–Carolyn Welch, author of The Garden of Fragile Beings

The Salty River Bleeds is equal parts parable and fable, examining humankind’s destructive and self-defeating tendencies, particularly with regard to caring for the land human beings and animals rely on. Here where the Salty River bleeds, you will find that Myth swims, Old Man lingers on your peripheral vision only to disappear, and Black Dog follows you into the mythic Wood. On the ranch, you will encounter Tattler, Excuse Maker, and Bad Guy, archetypal figures standing in for all those whose motives are to be questioned. By turns imaginative and inventive, gritty and grisly, gorgeous and ephemeral, this is a book that will linger long after you have finished. There are inherent truths laid bare here that we would all do well to pay heed.

–Cati Porter, author of Seven Floors Up

In Stephen Page’s The Salty River Bleeds, the spiritual journey of Jonathan continues from A Ranch Bordering the Salty River. Looking for a story to explain his life, Jonathan meditates on nature, in particular Wood, a place of testing, a place of mysteries ripe to be discovered, and the people who work his land without reverence.  With an observant eye for detail, Page brings together striking images of the elements of earth and human life that become both obstacles to and medium through which the speaker of these poems understands his world.

–Caroline Malone, author of Dark Roots

Stephen Page’s The Salty River Bleeds is a pastoral and violent account of ranch life. His poetic collection blends agricultural and rustic contention with eco-rural insight and directness. His delivery is candid and un-floral, thus bestowing the music of his perception an energy of seized quotidian acuity. These poems dare the readers to care about the animals, the daily activities of surviving rurally, and the grammar of the land exploited by genetic modified commerce and industrialization. The work invites the geography of natural breeding life to marry the perennial charm of ranch hardship. There, in his work, exists the sensual preservation of humanity, but also diurnal desires. Page’s bucolic poems “may take you to an unlit alley at night” or “sound like buckets of water being poured on the corrugated roof.” Regardless of the rustic tempo his work imbues you, through Page’s percipient, omniscient eyes, we see and hear everything he observes and feels and yearns. Like sheep hides “salted in the transit room” – Page’s work is designed to ambush us, not with the forcefulness or melancholy of existence, but, as seen here, with the authoritative authenticity of his persistent fervor.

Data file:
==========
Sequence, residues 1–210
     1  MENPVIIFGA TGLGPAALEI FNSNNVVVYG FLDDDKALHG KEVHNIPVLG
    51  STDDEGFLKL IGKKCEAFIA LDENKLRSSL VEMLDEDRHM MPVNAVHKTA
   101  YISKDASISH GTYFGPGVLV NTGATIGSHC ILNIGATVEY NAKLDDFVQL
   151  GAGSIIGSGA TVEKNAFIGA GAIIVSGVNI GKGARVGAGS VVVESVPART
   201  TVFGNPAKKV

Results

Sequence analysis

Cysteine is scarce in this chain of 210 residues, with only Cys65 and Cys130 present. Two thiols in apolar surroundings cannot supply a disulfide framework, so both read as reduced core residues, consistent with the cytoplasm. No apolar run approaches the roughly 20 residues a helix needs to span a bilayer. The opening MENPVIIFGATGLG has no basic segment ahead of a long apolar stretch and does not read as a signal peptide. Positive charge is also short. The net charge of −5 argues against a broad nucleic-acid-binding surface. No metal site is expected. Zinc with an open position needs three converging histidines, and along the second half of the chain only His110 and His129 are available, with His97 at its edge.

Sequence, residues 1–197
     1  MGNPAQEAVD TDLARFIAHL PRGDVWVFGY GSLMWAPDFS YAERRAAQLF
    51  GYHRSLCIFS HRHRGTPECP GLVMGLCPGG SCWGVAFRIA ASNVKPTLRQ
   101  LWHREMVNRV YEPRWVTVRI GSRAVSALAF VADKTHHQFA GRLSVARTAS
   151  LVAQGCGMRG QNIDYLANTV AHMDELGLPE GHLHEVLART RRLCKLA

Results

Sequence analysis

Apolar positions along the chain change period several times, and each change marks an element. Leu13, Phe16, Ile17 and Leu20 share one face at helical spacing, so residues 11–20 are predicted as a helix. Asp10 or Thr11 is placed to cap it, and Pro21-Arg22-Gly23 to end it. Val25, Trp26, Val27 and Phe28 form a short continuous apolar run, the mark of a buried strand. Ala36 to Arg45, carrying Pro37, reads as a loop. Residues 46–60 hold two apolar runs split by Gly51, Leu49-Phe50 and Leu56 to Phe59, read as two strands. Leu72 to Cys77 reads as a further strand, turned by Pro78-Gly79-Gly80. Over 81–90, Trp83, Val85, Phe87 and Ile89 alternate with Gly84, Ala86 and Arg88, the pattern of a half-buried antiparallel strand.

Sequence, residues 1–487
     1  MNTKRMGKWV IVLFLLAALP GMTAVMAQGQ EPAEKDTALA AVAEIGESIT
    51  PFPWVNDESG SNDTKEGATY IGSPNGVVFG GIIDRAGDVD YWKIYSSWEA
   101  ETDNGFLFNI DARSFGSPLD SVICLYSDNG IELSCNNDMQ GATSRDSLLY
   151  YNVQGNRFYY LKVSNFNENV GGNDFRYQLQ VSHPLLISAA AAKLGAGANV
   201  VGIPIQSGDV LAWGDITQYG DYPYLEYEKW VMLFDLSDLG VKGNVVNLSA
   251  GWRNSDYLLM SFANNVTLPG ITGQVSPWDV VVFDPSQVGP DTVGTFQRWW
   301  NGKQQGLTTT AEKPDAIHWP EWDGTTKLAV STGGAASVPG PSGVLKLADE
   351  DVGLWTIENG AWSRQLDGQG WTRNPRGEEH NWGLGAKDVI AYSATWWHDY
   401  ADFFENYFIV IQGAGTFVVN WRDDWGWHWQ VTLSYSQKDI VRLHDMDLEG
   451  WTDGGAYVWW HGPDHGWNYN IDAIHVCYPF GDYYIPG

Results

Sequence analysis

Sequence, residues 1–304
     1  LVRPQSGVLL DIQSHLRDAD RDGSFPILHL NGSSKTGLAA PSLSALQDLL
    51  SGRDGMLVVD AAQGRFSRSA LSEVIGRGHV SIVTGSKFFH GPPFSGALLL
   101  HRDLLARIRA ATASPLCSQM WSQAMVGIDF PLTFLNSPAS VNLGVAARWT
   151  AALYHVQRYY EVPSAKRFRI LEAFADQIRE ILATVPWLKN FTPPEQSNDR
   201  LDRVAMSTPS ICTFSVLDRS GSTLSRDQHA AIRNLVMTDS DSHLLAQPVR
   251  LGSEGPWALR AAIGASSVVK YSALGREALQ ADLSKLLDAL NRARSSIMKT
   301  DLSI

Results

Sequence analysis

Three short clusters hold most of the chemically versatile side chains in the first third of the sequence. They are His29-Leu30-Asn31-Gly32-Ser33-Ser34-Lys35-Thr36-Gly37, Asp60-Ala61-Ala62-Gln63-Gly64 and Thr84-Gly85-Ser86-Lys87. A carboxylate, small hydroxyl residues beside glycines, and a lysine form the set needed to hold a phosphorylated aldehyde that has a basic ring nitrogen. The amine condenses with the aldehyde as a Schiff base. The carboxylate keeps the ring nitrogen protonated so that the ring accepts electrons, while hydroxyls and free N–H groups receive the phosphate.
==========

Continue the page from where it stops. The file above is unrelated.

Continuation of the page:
–Vi Khi Nao, author of Fish in Exile 

Stephen Page’s The Salty River Bleeds is a collection of connections. Page explores relationships, ethics, and economy through environmental images that ooze the intricacies of farm life. His thoughtful, sensory-rich prose and varied expressions of poetic form delve into the inner workings of losses and discoveries.

–Savannah Slone, Author of Hearing the Underwater 

Stephen Page is a true poetic chronicler of the complex business of ranching, that mythic journey. The Salty River Bleeds is iconic storytelling; a hybrid of poems, letters, and prose. Filled with rich images, “wood walks” and myth finding. “Life takes you into some unplanned territory.” Follow Page and we are “wading into wheat” and “working all week to save the corn.”  The tractor is broken, the fences need mending, but still we are watching and waiting for Old Man walking by the side of the road, the one who never stops. Follow Page into his dreamscape of visceral reality to satisfy a curiosity, an unspoken desire.